Once workers are dealt with (and placed on their handy “Unused Labor Force” space on your playmat) we move to the Hardship phase. Whoever has the lowest amount of gold draws cards from the Hardship Deck equal to the amount of players around the table. They then choose a card for themselves and pass the remaining ones to the next lowest scoring player, until eventually the leader is handed a single card that will undoubtedly screw them over. Perhaps it’ll cause extra damage to their equipment or they’ll be forced to hand over a load of their money to someone else? Whatever happens, this (for me anyway) is the best and worst part of each round: best because it’s really rather entertaining, worst due to the fact that there’s not a single good card in the Hardship Deck. Well, there is actually one; the only problem is that it’s in there with twenty-nine other cards that are utterly bloody awful.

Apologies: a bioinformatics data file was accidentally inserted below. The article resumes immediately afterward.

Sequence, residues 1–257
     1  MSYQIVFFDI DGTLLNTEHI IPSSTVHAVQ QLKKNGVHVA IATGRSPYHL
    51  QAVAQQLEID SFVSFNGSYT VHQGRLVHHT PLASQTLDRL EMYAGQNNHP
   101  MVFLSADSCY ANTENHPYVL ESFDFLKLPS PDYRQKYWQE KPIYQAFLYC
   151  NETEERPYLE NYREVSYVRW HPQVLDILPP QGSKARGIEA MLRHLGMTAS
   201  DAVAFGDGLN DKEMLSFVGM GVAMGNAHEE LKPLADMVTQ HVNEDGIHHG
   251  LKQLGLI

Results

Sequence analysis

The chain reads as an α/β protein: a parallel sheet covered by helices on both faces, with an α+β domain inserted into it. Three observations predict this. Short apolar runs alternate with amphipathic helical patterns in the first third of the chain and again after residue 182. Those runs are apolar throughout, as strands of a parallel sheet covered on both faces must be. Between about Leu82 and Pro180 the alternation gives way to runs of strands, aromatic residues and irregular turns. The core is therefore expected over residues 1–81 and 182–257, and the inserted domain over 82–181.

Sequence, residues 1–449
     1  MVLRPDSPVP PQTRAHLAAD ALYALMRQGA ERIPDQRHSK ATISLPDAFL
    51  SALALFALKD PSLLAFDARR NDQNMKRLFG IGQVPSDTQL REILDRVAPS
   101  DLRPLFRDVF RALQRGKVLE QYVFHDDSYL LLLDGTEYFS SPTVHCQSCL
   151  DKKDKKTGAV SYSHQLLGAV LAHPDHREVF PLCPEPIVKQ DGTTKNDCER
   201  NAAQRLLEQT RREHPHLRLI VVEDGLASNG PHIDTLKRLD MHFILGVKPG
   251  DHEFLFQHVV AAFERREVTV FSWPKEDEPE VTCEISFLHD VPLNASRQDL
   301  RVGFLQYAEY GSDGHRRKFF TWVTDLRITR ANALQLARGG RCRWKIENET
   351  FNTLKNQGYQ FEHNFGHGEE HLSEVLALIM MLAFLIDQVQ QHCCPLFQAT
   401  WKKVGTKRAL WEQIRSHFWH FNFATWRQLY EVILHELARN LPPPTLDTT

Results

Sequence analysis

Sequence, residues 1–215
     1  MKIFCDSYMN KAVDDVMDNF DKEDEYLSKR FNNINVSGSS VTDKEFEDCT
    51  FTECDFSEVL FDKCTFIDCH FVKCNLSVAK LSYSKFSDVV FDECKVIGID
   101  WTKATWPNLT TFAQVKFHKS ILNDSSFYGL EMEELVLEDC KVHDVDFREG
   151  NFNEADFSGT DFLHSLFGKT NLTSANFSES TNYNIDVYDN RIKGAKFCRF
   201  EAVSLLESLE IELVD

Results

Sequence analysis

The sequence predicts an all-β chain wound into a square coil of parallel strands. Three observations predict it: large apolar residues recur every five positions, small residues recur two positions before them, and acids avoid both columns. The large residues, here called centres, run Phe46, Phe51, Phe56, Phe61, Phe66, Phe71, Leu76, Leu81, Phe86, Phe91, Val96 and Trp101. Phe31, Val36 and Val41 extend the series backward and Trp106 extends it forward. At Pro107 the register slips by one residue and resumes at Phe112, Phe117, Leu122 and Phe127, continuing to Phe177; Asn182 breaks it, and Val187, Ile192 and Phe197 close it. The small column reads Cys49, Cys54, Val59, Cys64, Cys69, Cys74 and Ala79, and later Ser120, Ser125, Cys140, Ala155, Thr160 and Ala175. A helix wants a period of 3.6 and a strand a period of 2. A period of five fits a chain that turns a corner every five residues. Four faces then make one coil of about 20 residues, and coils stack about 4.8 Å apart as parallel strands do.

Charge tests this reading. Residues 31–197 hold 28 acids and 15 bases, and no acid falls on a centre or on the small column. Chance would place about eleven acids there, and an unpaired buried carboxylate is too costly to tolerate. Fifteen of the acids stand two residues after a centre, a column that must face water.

Hardships are generally awful - hence the name. Some (like this) last a round, others are a one off effect. Also note the temperature drop in the top right...

Hardships are generally awful – hence the name. Some (like this) last a round, others are a one off effect. Also note the temperature drop in the top right hand corner…

Another thing to think about is that the card in front of the leading miner is the one that triggers the fall in temperature. A drop can be anywhere from one to three degrees, and when that meter hits zero or below there’s only one more round left in the game. Everything wraps up with Income, where each player receives $2 from the bank regardless of their position in the game. As long as it’s still warm enough, play continues and the cut throat action continues apace.

While the version of Pay Dirt I’ve got at the moment is a prototype, it’s pretty much a finished product that’s ready to go to the printers. The art is done, the pieces are pretty much there (though I was sent some actual American coinage instead of plastic money – oddly, it seems to be cheaper!) and though the rules concise, they’re well written and cover all potential questions. Sure, it’s not the final version of the game, but knowing how well produced previous releases from Crash Games have turned out, I can only hope that Pay Dirt continues the streak of high quality products.